Tight budgets prohibit buying for staff use.
And of course, it’s constantly being updated.
We offer long term complimentary access to LIS classes.
Now, let’s take a look at the guide. Browse page particularly useful for LIS instructors introducing their students to reference work.
We’ll be holding this webinar again in two months so please feel free to join us again and don’t forget to invite your colleagues, too.When this webinar is over you’ll will be given a short survey to fill out. Let us know what you think about this webinar—your feedback is important to us.
Guide to ReferenceEssentials WebinarWelcomeToday we’ll introduce you to Guide toReference, a foundational tool forlibrarians, teachers, researchers,students, and other library users. We’llshow you how it can help you in yourwork.
Our goal todayWe’ll show you how to leverage Guideto Reference to support your work inthe following areas:» Reference» Collection development» Teaching and training
Who we areMelissa WoodMarketing & Sales Manager, ALA Digital ReferenceDan KaplanMarketing Manager, ALA PublishingSpecial GuestDenise Beaubien BennettGeneral Editor of Guide to Reference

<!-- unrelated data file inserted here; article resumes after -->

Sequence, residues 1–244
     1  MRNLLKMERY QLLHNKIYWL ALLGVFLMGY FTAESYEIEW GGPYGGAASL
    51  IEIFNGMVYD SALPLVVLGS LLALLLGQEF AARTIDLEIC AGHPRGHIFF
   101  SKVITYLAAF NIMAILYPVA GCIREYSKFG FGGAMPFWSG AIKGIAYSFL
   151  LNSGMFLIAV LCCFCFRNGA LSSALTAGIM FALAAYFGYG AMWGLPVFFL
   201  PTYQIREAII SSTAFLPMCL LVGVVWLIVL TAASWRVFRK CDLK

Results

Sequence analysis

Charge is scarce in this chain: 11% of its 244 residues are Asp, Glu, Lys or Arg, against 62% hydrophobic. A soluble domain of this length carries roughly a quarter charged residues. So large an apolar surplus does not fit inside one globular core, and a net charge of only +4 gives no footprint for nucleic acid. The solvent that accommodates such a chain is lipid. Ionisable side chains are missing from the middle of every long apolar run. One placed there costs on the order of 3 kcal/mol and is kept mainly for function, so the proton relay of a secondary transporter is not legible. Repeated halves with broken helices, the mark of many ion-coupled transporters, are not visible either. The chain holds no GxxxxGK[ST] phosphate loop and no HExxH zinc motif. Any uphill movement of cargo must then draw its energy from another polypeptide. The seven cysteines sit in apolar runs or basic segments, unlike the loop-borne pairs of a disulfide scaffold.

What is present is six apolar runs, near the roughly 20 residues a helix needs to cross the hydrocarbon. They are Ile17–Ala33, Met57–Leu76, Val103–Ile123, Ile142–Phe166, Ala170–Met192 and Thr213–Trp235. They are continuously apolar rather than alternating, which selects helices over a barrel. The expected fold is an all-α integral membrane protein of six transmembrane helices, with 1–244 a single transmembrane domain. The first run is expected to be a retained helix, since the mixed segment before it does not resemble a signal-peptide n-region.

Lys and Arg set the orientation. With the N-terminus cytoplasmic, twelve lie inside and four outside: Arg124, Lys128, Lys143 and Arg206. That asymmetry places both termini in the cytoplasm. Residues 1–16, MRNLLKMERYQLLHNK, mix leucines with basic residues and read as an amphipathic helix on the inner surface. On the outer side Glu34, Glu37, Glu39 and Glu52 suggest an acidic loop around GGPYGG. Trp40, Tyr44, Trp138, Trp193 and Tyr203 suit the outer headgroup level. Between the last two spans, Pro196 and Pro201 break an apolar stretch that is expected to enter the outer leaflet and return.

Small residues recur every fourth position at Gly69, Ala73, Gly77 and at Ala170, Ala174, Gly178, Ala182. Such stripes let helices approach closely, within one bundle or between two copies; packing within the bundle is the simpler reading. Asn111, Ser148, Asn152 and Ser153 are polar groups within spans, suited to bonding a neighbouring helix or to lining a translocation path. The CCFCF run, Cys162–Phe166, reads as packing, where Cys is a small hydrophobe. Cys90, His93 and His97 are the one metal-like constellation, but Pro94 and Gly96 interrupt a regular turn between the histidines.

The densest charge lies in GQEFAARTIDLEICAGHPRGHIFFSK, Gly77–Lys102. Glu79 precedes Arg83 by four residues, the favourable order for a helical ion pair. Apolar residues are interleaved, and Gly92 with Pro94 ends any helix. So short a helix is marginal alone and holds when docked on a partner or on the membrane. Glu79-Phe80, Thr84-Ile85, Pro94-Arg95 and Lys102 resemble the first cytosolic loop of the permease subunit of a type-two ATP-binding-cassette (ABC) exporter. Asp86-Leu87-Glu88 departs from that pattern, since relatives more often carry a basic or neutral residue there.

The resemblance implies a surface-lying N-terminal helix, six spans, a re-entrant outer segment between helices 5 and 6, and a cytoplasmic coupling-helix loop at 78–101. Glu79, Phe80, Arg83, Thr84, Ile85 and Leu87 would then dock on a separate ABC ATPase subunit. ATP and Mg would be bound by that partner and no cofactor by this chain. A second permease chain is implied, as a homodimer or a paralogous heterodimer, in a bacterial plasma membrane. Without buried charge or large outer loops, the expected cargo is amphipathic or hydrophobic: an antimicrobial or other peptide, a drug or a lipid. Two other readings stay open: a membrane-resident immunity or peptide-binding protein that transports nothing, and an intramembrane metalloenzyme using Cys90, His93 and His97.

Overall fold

PreliminariesIf you have questions, please submit themthrough the questions function during thepresentation.We’ll collect your questions and answer themduring the webinar and during the Q&A at theend.For any technical difficulties, please send aquestions to Dan Kaplan.
Library Journal’s 2012 BestDatabase Library Journal named Guide to Reference as the Best Database in the Professional Resource Category in 2012. This award was based on votes from librarians, readers of LJ, and reviewers.
Guide to Reference is―(1) a reference manual . . . ; (2) a selectionaid for the librarian; (3) a textbook for thestudent who . . . is pursuing a systematicstudy of reference books.‖ Constance Winchell Preface to the 8th edition, 1967
The premier evaluativebibliography» Reflects the accumulated knowledge and wisdom of the reference community over many years» Continues to serve as a center for learning about and practicing reference librarianship» Some call it ―the Bible‖ of reference sources